The Strange Origin of the Kappa: Japanese Water Imp

Many supernatural creatures are depicted in Japanese art and literature.  Some seem realistic and might actually exist, since there have been witness sightings, while others are clearly composite creatures.  Still others might have been created by storytellers to explain seemingly inexplicable phenomena.  Such creatures include yuki-onna (snow women), who lure young men out of their beds at night and into the mountains where they freeze to death, and kitsune (foxes) which are thought to be shape shifters, often assuming the form of beautiful young women.  Even today in northern Japan, some...Read more

The Violent Life and Times of Roger Bigod – A Medieval Player of the Game of Thrones?

For almost 250 years, from the time of the Norman Conquest of England in AD 1066, one of the most important families in the Eastern Counties were the Bigods. In later years they would become the Earls of Norfolk and so powerful they could defy the Kings of England, running their territory like the bosses of old-style Mafia crime family.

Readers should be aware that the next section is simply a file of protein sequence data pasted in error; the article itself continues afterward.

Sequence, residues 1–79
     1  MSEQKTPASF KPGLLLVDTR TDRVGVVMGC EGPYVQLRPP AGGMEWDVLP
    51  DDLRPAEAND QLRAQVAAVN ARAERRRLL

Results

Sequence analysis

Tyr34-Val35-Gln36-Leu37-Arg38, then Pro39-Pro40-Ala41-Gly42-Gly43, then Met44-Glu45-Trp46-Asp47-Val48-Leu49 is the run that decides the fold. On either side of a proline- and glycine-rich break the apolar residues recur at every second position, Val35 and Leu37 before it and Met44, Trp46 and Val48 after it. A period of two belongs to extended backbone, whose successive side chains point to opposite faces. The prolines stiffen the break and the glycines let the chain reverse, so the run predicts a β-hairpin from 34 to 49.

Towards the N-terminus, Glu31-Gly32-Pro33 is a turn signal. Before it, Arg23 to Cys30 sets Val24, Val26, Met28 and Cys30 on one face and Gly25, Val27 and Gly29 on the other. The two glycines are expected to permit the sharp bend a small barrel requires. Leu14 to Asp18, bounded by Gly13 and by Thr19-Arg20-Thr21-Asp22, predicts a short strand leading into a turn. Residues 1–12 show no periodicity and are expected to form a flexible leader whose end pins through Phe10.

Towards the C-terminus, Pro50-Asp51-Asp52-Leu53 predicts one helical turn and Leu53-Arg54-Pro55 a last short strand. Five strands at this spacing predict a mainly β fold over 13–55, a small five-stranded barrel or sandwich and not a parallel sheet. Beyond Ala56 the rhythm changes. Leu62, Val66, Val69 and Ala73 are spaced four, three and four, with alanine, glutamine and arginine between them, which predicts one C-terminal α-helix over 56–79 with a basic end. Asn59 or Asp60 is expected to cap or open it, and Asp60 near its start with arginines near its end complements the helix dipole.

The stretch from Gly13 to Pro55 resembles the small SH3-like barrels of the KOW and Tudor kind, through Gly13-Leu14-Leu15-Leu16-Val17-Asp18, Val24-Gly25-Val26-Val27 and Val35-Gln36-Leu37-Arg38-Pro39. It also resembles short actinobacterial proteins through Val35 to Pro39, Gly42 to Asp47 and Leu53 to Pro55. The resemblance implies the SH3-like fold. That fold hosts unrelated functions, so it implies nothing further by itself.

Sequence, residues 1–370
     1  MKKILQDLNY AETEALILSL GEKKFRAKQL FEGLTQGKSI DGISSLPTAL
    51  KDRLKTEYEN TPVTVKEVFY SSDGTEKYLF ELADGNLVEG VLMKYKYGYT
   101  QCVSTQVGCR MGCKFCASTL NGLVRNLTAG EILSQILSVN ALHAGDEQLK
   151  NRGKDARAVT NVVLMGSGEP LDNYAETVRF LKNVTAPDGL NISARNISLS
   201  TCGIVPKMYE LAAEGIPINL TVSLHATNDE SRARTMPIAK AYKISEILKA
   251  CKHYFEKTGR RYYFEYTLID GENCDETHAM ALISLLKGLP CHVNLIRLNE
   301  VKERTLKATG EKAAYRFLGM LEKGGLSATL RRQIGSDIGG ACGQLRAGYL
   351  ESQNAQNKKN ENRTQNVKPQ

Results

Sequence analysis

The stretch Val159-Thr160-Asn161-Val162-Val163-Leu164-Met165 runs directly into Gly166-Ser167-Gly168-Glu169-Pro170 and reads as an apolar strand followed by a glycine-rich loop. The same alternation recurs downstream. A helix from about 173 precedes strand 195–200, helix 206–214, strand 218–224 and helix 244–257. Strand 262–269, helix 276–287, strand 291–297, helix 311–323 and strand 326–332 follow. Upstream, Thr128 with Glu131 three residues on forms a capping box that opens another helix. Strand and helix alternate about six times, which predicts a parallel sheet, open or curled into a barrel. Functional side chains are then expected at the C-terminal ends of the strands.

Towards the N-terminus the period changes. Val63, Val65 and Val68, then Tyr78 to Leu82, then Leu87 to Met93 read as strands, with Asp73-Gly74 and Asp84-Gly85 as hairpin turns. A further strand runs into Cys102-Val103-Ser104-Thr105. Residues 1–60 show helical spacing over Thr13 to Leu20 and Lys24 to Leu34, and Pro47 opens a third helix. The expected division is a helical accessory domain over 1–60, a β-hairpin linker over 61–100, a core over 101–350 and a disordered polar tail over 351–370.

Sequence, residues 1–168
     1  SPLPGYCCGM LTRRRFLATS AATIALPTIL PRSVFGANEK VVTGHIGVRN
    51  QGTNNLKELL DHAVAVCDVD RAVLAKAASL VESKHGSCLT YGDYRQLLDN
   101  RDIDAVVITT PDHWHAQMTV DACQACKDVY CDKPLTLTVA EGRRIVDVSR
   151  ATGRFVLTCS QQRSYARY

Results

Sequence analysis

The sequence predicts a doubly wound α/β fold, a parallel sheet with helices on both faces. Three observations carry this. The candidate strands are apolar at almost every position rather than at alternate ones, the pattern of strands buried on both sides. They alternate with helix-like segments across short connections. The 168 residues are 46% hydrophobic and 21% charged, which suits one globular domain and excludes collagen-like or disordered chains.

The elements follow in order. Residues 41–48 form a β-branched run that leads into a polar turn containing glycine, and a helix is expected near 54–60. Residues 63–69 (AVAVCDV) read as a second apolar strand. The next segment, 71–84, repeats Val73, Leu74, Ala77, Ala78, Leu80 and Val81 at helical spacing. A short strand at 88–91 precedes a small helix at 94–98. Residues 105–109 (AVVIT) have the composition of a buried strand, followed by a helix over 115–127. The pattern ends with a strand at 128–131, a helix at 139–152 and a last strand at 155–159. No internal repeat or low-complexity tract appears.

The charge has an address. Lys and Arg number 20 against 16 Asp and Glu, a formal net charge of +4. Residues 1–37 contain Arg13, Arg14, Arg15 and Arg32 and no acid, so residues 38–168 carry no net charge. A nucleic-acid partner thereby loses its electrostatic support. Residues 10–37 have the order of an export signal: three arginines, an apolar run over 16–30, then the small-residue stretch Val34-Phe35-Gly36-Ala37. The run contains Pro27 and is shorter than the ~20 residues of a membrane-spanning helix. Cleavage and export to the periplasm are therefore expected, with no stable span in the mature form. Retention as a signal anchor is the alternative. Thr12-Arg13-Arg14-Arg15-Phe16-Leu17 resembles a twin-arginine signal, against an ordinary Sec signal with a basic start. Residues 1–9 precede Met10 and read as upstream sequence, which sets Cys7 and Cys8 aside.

Despite the fact these were members of a family who lived and died nearly a thousand years ago, in many respects they were a thoroughly modern bunch of ruthless back-stabbers, liars, and rogues who always had an eye on the main prize and didn’t care...Read more

Dogs of War: Ancient History of Animals in Warfare

Man and beast have partnered for various reasons over tens of thousands of years—almost always for food or protection. The dirty history of animals in warfare is sometimes inspiring, sometimes disturbing, but without the aid of creatures in war, humanity would be in a different place than we are today.